Taekwondo forms, or poomses in Korean - taekwondo students usually either love them or they hate them. Whether or not the taekwondo student hates working at the forms, it is something they will have to learn if they want to gain a black belt. The properly carried out forms will help the student to be a little more comfortable in their stances as well as doing several moves back to back. A few other benefits associated with rehearsing the forms is enhanced balance, timing and coordination. Ideal breathing should also be used while doing the form reinforcing this routine on the student.
Learning the taekwondo forms can be difficult for some students, but it's necessary to learn them to achieve black belt.
Since taekwondo is a non-aggressive martial art all taekwondo forms start out with a defensive move. Following this initial defensive move the form will then go into counter attack moves, and may still throw in many defensive moves. The forms will grow to be a lot more difficult when the student advances to higher belts, introducing more advanced sequences of moves and even more of them.
Taekwondo forms are based off the actions required for the performer to protect against numerous assailants. While attempting to commit to memory the form it may be useful to think of the assailant assaulting as the movements are executed. Rehearsing the forms and becoming proficient at them helps the taekwondo student get accustomed to thinking about their stances in sequences. In a genuine fight knowing the forms isn't really likely to be of very much use, but what it really will have taught the student can be of help.
The various belt levels of taekwondo each have an associated taekwondo form. It's necessary for the student to remember all and demonstrate the right form to the instructor to progress to the subsequent belt level. When a student tests for their black belt they may be asked to execute several previous belt forms as well as in any order, so they shouldn't only be committed to short term memory. Higher belts may regularly be called upon to guide lower belts in perfecting their forms which is additionally beneficial to keeping the forms clear in minds of those holding higher belts.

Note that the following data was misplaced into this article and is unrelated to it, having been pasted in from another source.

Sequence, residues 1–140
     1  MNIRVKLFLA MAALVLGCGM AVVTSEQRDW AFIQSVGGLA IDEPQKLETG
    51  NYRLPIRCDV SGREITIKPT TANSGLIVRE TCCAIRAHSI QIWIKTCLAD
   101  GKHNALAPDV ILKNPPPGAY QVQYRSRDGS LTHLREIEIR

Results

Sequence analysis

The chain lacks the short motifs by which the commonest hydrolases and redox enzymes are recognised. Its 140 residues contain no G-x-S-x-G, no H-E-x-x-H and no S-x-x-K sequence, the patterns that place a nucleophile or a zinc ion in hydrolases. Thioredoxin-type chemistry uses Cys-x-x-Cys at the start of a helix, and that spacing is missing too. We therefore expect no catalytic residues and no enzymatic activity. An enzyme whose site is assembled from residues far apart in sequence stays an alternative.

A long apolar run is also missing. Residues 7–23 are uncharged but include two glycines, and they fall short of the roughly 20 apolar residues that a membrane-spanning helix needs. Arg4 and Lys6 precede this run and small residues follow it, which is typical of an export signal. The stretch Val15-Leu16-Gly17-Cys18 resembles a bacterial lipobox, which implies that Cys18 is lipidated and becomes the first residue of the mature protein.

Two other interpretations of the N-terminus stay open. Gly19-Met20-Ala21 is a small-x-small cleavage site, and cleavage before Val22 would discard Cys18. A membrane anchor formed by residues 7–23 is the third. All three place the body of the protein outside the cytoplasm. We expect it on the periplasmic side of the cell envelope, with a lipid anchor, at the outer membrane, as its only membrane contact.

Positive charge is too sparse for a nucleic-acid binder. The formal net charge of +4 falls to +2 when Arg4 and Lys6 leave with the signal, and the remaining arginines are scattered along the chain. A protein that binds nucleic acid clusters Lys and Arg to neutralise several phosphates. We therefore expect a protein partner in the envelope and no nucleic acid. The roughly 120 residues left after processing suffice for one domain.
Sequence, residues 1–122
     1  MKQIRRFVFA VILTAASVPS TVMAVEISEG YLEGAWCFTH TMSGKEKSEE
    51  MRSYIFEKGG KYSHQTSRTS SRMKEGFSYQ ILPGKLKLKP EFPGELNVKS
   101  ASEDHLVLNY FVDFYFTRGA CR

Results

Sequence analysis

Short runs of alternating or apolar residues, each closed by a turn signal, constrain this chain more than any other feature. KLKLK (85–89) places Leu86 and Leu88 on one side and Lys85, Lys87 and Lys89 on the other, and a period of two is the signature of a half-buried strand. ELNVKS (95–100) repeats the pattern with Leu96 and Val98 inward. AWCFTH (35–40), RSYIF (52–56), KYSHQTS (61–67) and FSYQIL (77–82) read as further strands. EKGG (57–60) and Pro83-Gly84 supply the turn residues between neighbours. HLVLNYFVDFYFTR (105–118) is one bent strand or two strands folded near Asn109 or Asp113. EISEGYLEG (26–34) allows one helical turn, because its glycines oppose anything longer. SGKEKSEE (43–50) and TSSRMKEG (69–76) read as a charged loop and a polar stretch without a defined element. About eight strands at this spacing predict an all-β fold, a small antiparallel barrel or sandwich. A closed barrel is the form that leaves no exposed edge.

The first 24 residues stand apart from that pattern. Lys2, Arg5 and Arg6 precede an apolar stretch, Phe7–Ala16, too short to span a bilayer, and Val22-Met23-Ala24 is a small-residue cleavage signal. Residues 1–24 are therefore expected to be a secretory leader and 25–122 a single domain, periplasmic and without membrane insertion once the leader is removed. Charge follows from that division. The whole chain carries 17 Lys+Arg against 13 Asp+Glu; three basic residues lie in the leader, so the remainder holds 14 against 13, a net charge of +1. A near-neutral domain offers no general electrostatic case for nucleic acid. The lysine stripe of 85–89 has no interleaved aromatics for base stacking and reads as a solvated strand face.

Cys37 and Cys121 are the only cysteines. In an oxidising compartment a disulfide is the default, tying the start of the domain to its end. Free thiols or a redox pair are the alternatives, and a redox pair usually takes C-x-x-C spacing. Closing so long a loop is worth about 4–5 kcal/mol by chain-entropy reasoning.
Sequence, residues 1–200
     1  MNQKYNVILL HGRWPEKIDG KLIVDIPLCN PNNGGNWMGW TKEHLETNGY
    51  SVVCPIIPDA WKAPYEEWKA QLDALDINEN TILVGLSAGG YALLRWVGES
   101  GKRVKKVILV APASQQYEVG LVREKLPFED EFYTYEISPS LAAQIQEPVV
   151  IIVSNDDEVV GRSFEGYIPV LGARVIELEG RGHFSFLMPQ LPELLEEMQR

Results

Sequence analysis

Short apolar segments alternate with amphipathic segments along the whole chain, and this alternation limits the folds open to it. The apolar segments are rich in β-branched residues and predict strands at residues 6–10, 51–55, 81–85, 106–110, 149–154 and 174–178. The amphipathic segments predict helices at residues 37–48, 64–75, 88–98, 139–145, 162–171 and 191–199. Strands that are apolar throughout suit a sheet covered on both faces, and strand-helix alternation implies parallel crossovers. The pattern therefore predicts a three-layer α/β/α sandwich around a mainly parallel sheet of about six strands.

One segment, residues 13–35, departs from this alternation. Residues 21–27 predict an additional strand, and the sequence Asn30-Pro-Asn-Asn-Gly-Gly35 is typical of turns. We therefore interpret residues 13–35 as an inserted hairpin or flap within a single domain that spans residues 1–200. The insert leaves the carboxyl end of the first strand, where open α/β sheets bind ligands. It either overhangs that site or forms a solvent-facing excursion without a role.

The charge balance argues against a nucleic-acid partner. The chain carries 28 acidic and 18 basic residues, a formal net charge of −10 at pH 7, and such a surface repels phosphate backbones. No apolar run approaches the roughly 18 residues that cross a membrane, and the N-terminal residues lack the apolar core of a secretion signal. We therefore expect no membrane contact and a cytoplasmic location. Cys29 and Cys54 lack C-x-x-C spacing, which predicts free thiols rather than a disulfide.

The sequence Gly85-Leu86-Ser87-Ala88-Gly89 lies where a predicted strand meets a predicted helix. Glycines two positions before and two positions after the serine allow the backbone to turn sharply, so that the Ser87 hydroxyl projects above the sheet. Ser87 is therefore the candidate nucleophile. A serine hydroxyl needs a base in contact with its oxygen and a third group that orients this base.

Palgwe Sam Jang
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If as a student you happen to be having a tough time mastering a taekwondo form here a several things to utilize:
- Start with doing only the first couple movements in the form, then when they become habit add more moves.
- Imagine an opponent at just about every step, either blocking a punch from the attacker or throwing a punch their way
- Consult with the instructor for assistance, they've helped a lot of students through mastering the exact same form, and could well have advice on helping you to memorize it. It's uncanny how an instructor can know precisely where the student performing a form is stuck in the process and provide them the subsequent move.
- Perform the form daily, this should help set the moves into your brain.
- Picture yourself doing the form if you can't actually do it. Picture yourself doing while standing in line at the bank, etc.
- Aid another taekwondo student with the form, this will aid the pair of you.
There are various different sets of taekwondo forms, the Taeguek Forms (WTF - World Taekwondo Federation), the Palgwe Forms (ITF - Internation Taekwondo Federation) , the Pyong Ahn Forms, the Jhoon Rhee Martial Ballet, the Song Am Forms, and Chang Hon (Chon-ji) Forms. Different schools use different forms, even the same form can be executed slightly differently from one school to a second.
The Taeguek and Palgwe forms needed to earn a black belt are:
- Taeguek / Palgwe Il Jang - Heaven
- Taeguek / Palgwe Ee Jang - Lake
- Taeguek / Palgwe Sam Jang - Fire
- Taeguek / Palgwe Sa Jang - Thunder
- Taeguek / Palgwe Oh Jang - Wind
- Taeguek / Palgwe Yook Jang - Water
- Taeguek / Palgwe Chil Jang - Mountain
- Taeguek / Palgwe Pal Jang - Earth
The name of the form is usually stated at the opening of the poomse or form, i.e. "Palqwe Il Jang", right before the movements start.